Anthos Config Management's Policy Controller enables the enforcement of fully programmable policies for your clusters. These policies act as "guardrails" and prevent any changes to the configuration of the Kubernetes API from violating security, operational, or compliance controls.
You can set policies to actively block non-compliant API requests, or simply to audit the configuration of your clusters and report violations. Policy Controller is based on the open source Open Policy Agent Gatekeeper project and comes with a full library of pre-built policies for common security and compliance controls.
In addition to actively controlling your Kubernetes environment, you can optionally use Policy Controller as a way to analyze configuration for compliance before deployment. This helps provide valuable feedback during the process of configuration changes and ensures any non-compliant changes are caught early before they might be rejected during application.
Policy Controller enforces your clusters' compliance using objects called constraints. For example, you can use the following constraints:
- Require each namespace to have at least one label. This constraint can be used to ensure accurate tracking of resource consumption when using GKE Usage Metering, for example.
- Enforce many of the same requirements as PodSecurityPolicies, but with the added ability to audit your configuration before enforcing it, ensuring any policy changes aren't disruptive to running workloads.
- Restrict the repositories a given container image can be pulled from. This constraint ensures any attempt to pull containers from unknown sources is denied, protecting your clusters from running potentially malicious software.
These are just a few of the constraints provided as part of the constraint library that is included with the Policy Controller installation. This library contains numerous policies that help enforce best practices and limit risk.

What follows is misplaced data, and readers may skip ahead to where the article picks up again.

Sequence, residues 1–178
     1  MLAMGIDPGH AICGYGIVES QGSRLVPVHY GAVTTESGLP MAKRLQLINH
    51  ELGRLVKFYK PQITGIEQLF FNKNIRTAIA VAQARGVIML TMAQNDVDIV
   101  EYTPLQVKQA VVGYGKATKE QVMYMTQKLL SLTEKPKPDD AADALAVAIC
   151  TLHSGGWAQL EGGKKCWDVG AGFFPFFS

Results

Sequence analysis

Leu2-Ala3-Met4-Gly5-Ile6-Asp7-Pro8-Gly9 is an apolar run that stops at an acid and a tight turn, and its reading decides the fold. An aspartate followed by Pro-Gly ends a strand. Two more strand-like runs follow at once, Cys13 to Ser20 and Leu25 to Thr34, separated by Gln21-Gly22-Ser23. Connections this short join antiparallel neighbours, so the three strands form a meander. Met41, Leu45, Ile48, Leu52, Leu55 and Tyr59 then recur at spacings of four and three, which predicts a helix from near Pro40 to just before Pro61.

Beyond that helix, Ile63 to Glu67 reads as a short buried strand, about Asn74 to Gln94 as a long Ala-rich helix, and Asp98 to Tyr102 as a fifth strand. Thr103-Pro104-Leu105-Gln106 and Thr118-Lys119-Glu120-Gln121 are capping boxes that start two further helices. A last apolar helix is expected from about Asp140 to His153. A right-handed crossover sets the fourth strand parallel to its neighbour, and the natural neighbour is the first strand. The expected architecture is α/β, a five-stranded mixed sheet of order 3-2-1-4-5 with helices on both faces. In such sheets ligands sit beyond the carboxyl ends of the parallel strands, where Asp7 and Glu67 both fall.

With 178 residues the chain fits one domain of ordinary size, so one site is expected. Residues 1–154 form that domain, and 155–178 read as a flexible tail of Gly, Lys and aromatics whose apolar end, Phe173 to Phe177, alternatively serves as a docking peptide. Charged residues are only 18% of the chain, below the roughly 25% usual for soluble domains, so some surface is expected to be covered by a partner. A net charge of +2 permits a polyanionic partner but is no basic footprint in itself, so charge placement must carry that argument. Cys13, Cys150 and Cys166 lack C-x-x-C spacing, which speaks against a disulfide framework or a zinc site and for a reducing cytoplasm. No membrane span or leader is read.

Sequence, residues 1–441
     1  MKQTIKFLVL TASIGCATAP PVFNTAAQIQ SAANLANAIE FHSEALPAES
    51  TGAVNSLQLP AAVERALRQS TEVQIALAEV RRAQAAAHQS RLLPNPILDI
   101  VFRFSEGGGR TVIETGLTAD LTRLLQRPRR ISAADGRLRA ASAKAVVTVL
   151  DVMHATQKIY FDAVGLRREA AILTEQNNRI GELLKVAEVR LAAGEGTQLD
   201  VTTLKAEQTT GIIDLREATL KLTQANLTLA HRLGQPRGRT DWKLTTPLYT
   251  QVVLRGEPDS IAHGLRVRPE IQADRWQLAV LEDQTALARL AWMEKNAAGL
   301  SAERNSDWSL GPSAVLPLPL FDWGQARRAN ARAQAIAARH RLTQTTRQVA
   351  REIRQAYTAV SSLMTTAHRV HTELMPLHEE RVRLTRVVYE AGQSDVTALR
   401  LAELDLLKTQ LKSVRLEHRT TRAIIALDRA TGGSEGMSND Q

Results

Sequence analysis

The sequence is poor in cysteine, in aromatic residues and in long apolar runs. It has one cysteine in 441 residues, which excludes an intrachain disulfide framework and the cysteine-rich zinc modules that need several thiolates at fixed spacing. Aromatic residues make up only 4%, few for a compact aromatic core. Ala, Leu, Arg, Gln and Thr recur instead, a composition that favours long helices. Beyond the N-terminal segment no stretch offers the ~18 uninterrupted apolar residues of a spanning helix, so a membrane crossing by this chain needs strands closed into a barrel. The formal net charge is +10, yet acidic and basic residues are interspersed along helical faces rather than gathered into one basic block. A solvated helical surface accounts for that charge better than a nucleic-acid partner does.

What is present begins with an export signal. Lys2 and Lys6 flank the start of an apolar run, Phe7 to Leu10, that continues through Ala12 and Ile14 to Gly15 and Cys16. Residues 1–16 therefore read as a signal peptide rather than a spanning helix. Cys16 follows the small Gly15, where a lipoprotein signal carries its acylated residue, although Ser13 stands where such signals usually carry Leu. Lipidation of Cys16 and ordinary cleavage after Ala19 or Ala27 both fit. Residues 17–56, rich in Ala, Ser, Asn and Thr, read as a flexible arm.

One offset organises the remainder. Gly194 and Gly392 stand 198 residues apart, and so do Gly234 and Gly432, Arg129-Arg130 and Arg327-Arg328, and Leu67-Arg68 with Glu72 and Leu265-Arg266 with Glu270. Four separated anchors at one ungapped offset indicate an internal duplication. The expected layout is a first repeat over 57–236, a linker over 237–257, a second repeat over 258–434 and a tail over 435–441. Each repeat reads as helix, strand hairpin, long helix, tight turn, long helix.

Constraints can be applied directly to your clusters using the Kubernetes API, or distributed to a set of clusters from a central Git repository by using Config Sync.
To learn more, see Creating constraints.
Policy Controller also lets you add your own custom policies through creating constraint templates. Constraint templates define policy parameters, error messages, and custom logic.
Once created, these templates let anyone invoke the policy using a constraint, which sets the parameters, and defines the scope of resources and namespaces to which the policy applies. This separation lets subject-matter experts write policies once and then enable others to use them in various contexts without the need to write or manage policy code.
To learn more, see Write a constraint template.
- Learn how to Install Policy Controller.
- Use the constraint template library provided by Google.
- Learn how to use constraints instead of PodSecurityPolicies.